What Is #SOTM2013? And Why Does It Matter?
I don’t do New Year’s resolutions, but sometimes I establish goals for the year. For 2013, I made it my goal to memorize Matthew 5, 6, and 7. Even though I hate to memorize, the more I feel compelled to follow Jesus into broken places—be it the brokenness of my own soul or the brokenness of the world—the more I feel the need to have Jesus’ words inside me. Hence, my plan to memorize the Sermon on the Mount (SOTM) in 2013. Systematically, slowly, and faithfully.
It’s a wonderful goal, right? But as of last Friday, March 1, I’d completely ignored the systematically and faithfully part. Slowly? Indeed. I’d moved so slowly I hadn’t even started! I pondered my propensity to procrastinate until last Sunday morning, when, to give myself public accountability, I tweeted: “Planned 2 memorize Sermon on Mount in 2013. Got sidetracked & skipped Jan & Feb, but starting 2day, in prep 4 going 2 Holy Land soon.”
Prior to this tweet, I’d been exchanging tweets with World Vision Australia staffer, Jarrod McKenna (@jarrodmckenna) about a Congolese friend of his who had been injured in Congo’s war. When Jarrod read my SOTM tweet, he immediately declared he’d memorize it too, and invited our mutual friend Mae Cannon (@reverendmae) to join us. Jarrod, Mae, and I, all travel regularly (though independently) to Israel and Palestine, so it was natural to share this goal of having Jesus’ words planted in our minds before our next trips.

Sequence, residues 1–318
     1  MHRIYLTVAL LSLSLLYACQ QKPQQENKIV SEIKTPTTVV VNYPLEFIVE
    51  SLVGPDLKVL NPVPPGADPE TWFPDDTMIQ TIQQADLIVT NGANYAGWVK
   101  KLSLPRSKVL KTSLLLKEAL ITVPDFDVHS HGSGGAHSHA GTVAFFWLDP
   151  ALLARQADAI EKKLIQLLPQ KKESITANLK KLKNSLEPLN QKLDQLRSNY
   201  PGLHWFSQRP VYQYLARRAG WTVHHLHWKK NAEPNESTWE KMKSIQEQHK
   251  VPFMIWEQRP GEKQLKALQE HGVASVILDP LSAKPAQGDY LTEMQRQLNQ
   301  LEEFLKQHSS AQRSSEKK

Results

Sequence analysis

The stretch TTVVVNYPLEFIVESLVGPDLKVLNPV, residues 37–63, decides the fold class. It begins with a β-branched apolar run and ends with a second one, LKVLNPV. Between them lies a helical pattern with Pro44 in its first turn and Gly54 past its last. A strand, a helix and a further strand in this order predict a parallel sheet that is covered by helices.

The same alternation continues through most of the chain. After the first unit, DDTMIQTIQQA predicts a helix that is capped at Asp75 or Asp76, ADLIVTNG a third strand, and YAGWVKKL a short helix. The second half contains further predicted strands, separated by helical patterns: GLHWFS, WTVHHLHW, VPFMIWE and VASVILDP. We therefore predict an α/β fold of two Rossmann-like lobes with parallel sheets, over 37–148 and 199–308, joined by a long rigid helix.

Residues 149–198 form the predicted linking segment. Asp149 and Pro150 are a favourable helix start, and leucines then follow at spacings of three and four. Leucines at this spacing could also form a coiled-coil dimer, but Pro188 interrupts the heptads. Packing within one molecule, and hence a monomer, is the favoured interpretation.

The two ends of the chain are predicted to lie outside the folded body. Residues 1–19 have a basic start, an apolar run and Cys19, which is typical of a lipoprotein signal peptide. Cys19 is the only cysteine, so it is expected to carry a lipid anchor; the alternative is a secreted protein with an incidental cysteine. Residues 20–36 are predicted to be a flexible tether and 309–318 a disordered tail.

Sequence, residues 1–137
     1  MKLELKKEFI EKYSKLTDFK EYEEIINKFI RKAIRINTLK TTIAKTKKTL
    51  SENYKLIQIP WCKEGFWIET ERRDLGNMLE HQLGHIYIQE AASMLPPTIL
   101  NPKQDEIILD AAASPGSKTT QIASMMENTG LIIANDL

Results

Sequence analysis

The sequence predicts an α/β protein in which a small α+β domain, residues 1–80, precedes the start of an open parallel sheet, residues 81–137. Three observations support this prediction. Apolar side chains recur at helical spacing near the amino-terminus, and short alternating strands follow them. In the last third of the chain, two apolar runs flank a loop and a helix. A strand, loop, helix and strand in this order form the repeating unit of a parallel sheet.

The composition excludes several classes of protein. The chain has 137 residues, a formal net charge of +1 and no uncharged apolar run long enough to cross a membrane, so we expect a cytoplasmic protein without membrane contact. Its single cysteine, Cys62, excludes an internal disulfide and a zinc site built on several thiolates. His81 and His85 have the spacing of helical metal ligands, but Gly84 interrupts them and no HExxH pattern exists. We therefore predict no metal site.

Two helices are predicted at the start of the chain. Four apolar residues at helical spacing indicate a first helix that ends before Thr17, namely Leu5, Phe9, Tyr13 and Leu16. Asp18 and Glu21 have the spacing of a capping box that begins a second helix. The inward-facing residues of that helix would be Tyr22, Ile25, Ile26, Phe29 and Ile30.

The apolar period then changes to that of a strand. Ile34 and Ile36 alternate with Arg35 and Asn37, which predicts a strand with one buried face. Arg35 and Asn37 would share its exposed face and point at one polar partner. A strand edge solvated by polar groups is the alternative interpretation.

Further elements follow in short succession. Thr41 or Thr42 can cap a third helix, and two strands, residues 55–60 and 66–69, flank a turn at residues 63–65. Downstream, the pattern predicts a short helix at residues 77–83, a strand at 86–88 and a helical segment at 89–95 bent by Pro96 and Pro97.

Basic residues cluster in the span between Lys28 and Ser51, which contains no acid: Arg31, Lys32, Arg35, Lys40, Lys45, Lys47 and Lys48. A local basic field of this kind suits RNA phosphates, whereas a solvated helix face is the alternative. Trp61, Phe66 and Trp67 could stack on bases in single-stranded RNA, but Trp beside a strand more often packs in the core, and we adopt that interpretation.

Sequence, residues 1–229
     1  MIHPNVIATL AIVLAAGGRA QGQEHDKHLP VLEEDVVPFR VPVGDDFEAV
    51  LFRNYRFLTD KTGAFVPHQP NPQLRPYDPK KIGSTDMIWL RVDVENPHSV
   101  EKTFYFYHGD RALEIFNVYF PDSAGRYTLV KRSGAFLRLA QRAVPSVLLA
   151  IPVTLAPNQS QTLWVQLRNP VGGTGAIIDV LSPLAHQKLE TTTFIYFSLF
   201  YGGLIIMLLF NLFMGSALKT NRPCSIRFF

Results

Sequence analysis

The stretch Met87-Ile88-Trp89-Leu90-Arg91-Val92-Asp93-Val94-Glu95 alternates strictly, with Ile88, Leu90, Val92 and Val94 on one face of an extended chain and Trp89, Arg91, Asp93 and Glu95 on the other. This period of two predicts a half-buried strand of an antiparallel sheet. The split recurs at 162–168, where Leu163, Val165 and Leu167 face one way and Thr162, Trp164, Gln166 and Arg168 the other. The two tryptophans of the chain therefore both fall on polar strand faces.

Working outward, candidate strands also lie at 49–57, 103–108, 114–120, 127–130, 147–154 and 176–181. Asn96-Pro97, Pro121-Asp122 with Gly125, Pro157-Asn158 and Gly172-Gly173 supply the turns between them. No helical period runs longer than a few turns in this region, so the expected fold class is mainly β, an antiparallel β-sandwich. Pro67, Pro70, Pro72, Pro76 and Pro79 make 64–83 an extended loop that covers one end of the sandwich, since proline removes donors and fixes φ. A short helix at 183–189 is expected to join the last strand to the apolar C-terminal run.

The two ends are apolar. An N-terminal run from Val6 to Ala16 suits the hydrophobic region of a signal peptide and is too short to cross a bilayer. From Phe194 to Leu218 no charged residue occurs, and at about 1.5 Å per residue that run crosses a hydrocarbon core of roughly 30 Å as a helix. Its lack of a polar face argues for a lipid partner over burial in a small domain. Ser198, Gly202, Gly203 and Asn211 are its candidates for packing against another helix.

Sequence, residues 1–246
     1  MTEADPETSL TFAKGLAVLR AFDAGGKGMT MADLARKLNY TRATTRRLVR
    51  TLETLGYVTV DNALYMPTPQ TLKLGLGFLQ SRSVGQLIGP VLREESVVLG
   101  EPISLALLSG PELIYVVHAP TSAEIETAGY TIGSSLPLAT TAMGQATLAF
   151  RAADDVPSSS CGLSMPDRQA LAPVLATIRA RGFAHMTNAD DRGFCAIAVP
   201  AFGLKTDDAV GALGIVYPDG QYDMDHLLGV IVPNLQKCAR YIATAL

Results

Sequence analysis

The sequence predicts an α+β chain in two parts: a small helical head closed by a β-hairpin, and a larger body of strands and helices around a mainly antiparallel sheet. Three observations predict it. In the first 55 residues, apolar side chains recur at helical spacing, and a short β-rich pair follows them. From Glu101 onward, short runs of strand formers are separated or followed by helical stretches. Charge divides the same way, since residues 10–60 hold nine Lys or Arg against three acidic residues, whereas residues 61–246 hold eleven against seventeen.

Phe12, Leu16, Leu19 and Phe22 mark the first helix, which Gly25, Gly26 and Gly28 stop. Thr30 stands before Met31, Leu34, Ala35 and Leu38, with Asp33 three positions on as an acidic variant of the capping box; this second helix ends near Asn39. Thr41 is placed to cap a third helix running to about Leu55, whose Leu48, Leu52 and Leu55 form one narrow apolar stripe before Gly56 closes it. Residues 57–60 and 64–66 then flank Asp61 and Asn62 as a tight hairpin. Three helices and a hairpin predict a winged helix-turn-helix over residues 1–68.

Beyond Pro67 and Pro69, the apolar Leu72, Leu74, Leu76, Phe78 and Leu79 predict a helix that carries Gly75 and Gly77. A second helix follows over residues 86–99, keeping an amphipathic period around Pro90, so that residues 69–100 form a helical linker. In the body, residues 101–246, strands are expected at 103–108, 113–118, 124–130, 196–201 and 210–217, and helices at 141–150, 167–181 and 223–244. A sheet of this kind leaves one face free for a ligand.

In the midst of our twitter conversation, Jarrod went “live on the air”—ABC radio in Australia—and invited others to join us in memorizing the SOTM. This generated some delightful twitter activity. Danny Paul Jones wrote, “Clearly the Spirit used the twittersphere to reinforce my reading of the Sermon this morn!” And my musician friend Gina Young wrote, “Playing at a church this am where the teaching passage is Matt 5. I’m in!” Good synergy!
Within minutes, people I knew and didn’t know were tweeting about the Sermon on the Mount. Jude, Belinda, Emma, Johnny, Courtney, Ruth, Kristin, Natalie, Laura, John, Ivan, Melanie, Aimee, Jayson, Deana, Chi Chi, Steve—to name a few—said they’d begin memorizing ASAP.